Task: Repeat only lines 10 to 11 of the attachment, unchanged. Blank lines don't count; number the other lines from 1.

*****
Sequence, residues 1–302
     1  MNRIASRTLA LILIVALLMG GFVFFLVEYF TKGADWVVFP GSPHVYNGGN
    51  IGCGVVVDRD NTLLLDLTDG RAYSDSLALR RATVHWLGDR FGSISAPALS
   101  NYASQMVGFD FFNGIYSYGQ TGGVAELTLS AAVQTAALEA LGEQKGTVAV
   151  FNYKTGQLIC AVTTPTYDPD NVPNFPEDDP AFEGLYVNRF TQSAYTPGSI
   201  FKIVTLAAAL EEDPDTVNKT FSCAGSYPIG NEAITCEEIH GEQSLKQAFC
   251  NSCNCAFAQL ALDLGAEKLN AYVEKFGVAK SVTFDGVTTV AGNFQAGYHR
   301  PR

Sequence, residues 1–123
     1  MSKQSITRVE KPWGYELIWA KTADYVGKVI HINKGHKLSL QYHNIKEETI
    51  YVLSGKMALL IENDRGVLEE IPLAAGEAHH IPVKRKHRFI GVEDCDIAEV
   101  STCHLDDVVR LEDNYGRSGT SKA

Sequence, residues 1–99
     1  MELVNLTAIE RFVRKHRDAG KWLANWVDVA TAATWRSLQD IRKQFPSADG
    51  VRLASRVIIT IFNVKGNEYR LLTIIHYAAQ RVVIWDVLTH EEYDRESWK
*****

     1  MSKQSITRVE KPWGYELIWA KTADYVGKVI HINKGHKLSL QYHNIKEETI
    51  YVLSGKMALL IENDRGVLEE IPLAAGEAHH IPVKRKHRFI GVEDCDIAEV